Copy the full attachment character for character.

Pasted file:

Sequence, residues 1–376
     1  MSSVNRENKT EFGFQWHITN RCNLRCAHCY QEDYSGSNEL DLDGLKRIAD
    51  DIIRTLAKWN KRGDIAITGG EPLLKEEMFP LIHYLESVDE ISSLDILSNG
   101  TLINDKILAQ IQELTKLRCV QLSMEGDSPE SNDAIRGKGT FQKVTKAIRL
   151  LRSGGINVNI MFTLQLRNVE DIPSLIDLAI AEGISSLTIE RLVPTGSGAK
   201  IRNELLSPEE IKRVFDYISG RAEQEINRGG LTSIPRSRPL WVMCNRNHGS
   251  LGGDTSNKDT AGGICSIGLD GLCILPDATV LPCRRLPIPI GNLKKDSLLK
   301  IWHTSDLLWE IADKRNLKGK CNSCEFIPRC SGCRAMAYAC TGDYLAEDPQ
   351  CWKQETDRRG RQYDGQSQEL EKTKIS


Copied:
Sequence, residues 1–376
     1  MSSVNRENKT EFGFQWHITN RCNLRCAHCY QEDYSGSNEL DLDGLKRIAD
    51  DIIRTLAKWN KRGDIAITGG EPLLKEEMFP LIHYLESVDE ISSLDILSNG
   101  TLINDKILAQ IQELTKLRCV QLSMEGDSPE SNDAIRGKGT FQKVTKAIRL
   151  LRSGGINVNI MFTLQLRNVE DIPSLIDLAI AEGISSLTIE RLVPTGSGAK
   201  IRNELLSPEE IKRVFDYISG RAEQEINRGG LTSIPRSRPL WVMCNRNHGS
   251  LGGDTSNKDT AGGICSIGLD GLCILPDATV LPCRRLPIPI GNLKKDSLLK
   301  IWHTSDLLWE IADKRNLKGK CNSCEFIPRC SGCRAMAYAC TGDYLAEDPQ
   351  CWKQETDRRG RQYDGQSQEL EKTKIS